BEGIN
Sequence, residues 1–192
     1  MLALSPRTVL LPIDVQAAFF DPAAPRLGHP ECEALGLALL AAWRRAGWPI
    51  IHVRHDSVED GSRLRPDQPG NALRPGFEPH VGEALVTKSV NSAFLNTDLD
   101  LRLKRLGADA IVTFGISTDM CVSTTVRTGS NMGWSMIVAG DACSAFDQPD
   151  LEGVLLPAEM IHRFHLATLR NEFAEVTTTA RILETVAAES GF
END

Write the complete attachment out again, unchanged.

Sequence, residues 1–192
     1  MLALSPRTVL LPIDVQAAFF DPAAPRLGHP ECEALGLALL AAWRRAGWPI
    51  IHVRHDSVED GSRLRPDQPG NALRPGFEPH VGEALVTKSV NSAFLNTDLD
   101  LRLKRLGADA IVTFGISTDM CVSTTVRTGS NMGWSMIVAG DACSAFDQPD
   151  LEGVLLPAEM IHRFHLATLR NEFAEVTTTA RILETVAAES GF